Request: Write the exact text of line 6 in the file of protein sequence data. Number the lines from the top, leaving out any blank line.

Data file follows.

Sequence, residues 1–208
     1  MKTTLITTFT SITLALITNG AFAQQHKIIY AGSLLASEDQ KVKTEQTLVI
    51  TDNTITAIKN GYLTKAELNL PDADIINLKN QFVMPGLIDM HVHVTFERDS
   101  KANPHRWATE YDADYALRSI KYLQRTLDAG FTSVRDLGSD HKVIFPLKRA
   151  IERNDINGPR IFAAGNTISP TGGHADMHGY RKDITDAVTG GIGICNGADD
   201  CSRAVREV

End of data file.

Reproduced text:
   201  CSRAVREV